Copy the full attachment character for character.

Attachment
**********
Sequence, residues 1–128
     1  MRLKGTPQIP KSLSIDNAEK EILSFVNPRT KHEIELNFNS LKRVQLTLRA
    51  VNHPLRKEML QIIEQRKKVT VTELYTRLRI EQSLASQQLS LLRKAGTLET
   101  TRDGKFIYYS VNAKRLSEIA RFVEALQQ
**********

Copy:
Sequence, residues 1–128
     1  MRLKGTPQIP KSLSIDNAEK EILSFVNPRT KHEIELNFNS LKRVQLTLRA
    51  VNHPLRKEML QIIEQRKKVT VTELYTRLRI EQSLASQQLS LLRKAGTLET
   101  TRDGKFIYYS VNAKRLSEIA RFVEALQQ